Oracle must pay HP $3 billion in damages, a California jury has ordered, for breaching a contract relating to HP's servers. HP says Oracle broke an agreement to keep developing software for servers based on Intel's Itanium chips, while Oracle had argued that Intel made it clear in 2011 that the chip type was on its way to obsolesce, and that it didn't have a contract to keep developing the software forever.
A judge decided there was a contract in 2012
The jury's order comes four years after judge James Kleinberg originally ruled that the two companies did indeed have a contract in place. "HP is gratified by the jury's verdict, which affirms what HP has always known and the evidence overwhelmingly showed," HP executive vice president John Schultz said to Reuters, calling Oracle's halting of Itanium software development "a clear breach of contract." Oracle says it will appeal both Kleinberg's ruling that the agreement was a contract, and the jury's decision on damages.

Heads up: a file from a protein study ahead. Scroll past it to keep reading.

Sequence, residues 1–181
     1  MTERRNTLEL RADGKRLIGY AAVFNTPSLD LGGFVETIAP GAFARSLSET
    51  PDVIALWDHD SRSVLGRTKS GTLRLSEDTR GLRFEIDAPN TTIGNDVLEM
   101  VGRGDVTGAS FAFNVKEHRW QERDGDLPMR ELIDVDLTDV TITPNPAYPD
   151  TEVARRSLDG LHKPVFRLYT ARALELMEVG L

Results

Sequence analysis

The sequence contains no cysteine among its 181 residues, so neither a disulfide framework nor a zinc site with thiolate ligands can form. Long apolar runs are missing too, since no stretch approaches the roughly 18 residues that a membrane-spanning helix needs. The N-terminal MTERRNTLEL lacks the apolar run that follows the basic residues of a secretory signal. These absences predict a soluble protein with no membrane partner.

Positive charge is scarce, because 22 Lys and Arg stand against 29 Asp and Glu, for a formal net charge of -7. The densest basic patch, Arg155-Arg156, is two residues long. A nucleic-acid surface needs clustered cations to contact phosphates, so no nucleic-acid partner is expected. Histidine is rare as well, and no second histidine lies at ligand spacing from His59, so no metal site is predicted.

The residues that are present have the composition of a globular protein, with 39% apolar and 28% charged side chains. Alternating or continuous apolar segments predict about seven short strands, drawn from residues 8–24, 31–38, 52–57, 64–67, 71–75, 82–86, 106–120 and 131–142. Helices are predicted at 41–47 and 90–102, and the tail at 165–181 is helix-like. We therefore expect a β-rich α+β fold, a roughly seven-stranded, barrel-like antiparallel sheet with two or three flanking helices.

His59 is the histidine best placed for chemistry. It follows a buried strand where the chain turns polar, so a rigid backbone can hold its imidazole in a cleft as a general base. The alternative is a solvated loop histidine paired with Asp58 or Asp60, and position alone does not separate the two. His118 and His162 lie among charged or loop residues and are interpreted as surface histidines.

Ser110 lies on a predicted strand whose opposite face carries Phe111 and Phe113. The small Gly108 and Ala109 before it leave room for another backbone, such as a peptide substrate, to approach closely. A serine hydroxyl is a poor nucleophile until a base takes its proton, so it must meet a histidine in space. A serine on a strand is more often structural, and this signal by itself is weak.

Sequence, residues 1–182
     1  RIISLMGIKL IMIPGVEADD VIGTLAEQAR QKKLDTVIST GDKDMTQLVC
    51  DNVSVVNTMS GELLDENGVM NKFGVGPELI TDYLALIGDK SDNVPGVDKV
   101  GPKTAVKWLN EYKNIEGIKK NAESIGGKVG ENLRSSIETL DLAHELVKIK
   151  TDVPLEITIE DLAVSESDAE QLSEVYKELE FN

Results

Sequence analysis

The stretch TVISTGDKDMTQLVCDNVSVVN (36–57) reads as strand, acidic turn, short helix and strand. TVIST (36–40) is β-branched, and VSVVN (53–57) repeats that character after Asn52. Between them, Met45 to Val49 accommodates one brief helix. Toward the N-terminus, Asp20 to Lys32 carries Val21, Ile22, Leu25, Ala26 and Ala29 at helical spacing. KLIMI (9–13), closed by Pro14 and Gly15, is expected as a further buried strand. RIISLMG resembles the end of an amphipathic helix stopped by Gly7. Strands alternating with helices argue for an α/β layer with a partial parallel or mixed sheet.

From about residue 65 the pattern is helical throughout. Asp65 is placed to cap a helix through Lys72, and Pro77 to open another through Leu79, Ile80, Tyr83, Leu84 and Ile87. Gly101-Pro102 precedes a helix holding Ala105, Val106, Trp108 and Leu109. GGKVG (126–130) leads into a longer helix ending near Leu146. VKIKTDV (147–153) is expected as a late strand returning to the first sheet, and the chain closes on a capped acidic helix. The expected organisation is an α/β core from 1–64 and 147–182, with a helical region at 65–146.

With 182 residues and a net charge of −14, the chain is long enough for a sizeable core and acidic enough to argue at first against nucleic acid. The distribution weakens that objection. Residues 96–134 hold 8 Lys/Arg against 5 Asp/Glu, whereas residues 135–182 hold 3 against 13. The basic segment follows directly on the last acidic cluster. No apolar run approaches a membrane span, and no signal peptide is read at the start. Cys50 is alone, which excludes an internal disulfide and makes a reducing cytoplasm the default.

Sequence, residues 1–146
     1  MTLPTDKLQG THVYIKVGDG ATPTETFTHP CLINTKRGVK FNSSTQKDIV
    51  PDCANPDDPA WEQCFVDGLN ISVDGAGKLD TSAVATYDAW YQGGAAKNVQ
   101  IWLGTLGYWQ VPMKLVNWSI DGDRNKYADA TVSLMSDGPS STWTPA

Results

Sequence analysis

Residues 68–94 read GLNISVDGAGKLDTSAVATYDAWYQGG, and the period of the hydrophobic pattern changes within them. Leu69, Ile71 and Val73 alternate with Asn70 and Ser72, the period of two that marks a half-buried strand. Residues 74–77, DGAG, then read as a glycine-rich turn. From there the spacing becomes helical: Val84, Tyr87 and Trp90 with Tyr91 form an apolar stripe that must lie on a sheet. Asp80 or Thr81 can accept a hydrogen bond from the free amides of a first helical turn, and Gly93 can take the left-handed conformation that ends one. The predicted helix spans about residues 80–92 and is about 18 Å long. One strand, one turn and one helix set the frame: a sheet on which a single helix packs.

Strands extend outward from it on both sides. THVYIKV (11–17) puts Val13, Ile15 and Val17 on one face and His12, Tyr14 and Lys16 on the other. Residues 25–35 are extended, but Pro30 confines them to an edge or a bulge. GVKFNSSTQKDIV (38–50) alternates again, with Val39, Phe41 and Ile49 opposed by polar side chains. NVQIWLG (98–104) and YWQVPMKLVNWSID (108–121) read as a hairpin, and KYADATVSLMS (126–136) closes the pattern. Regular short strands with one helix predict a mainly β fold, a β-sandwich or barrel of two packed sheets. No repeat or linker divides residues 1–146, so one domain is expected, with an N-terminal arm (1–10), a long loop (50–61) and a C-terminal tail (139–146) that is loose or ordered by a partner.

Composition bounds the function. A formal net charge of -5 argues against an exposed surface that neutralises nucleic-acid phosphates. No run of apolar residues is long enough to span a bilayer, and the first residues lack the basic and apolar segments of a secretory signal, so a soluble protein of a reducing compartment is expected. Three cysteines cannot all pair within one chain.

Oracle and HP have a tumultuous history. In 2010, Oracle CEO Larry Ellison said it would be "virtually impossible" for the two companies to work together in the future after HP sued its former CEO Mark Hurd for taking a position as Oracle's co-president. Those wounds apparently healed enough for the companies to cooperate soon after, but today's ruling might sow yet more seeds of distrust.